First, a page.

Internet isn’t something that magically appears in your home.
Unless you’re on a satellite-based Wi-Fi network, there are likely cables from an internet service provider that go directly into your residence. Not all cables are created equal, though. It might be a fiber-optic or coaxial cable, and there are some key differences between them you need to know about to choose the best broadband provider.
Fiber and cable internet both get you online, but their structures as well as limitations carry unique traits. We’re going to explain the cables behind each, how you can benefit from them and what’s the best choice for you.
Here’s what to know about fiber-optic and coaxial cables when shopping for internet service in your home.
What’s a fiber-optic cable?
A fiber-optic cable features small, flexible strands of glass or plastic. Unlike traditional copper lines, a fiber-optic cable utilizes light to transmit a significant amount of data. This allows for more bandwidth on a fiber-optic cable than a copper coaxial cable.
In addition, unlike with cable internet, the bandwidth for individual customers with fiber internet can get very large since they’re not forced to share a connection with others in the same area. No matter the hour, fiber internet shouldn’t slow down due to congestion. The high-speed data should stay blazing-fast and manage all home activities with ease.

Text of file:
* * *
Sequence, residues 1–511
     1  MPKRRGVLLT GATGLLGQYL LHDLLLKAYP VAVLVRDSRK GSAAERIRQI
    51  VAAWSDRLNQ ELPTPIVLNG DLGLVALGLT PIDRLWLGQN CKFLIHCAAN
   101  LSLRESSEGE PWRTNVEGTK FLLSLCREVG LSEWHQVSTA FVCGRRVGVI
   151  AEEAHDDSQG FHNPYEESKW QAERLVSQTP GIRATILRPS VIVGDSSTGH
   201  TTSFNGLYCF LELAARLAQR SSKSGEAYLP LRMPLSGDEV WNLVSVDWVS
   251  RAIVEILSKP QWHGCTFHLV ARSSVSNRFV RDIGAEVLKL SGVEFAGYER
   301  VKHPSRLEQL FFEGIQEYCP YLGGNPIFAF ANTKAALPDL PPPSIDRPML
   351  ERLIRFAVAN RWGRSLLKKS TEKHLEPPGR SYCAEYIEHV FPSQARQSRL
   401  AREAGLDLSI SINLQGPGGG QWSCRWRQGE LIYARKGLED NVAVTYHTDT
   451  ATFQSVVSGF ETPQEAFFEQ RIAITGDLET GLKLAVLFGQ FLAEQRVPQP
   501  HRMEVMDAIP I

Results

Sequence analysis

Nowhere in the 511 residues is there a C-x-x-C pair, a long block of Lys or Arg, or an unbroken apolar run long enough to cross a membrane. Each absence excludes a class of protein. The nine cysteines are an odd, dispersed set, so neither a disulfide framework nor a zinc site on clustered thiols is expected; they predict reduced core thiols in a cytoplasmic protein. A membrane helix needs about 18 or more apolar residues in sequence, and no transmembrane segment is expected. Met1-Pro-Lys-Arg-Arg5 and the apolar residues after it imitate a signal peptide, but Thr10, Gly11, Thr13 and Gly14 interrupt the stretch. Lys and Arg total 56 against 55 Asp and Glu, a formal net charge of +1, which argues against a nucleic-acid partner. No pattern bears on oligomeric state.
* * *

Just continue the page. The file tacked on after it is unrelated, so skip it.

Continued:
How fast are the data speeds on fiber cables?
Fiber-optic cables offer speeds of up to 1 Gbps, but of course, that depends on your internet service provider and equipment. Most internet service providers don’t go that fast by default, though. Be sure to choose the right plan and wireless router. Then you’ll discover the many benefits of next-generation connectivity.
You can sign up for fiber internet with these companies:
Check out our full rundown on fiber internet, which also includes a list of internet service providers which embrace the cutting-edge technology.
What’s a coaxial cable?
Made primarily of copper, a coaxial cable transmits data from place-to-place through electricity. It’s the technology that internet service providers started using when dial-up and digital subscriber line (DSL) grew outdated. While there are improvements over dial-up and DSL, cable internet doesn’t quite trump fiber internet. Still, cable internet is available in most parts of the country and often at a budget-friendly price.
Cable internet does require a modem, which allows your home to connect to the internet service provider’s infrastructure. In turn, you plug the modem into a router. Together, the modem gets you a connection from the internet service provider and the router creates your Wi-Fi network. There are also some internet service providers which combine the modem and the router into a single device.
By purchasing your own modem or router, you could also save money. Internet service providers are known to tack on rental fees should you need their equipment.
How fast are the data speeds with coaxial cables?
Unfortunately, in most cases, coaxial cables fall short in terms of data speed. Some internet service providers are able to get up to 1 Gbps (1,000 Mbps), but it’s not too common. The coaxial cable that runs a connection into your home might be shared, too. When multiple customers in the same neighborhood are online at the same time, throttling could occur and lead to reduced speeds.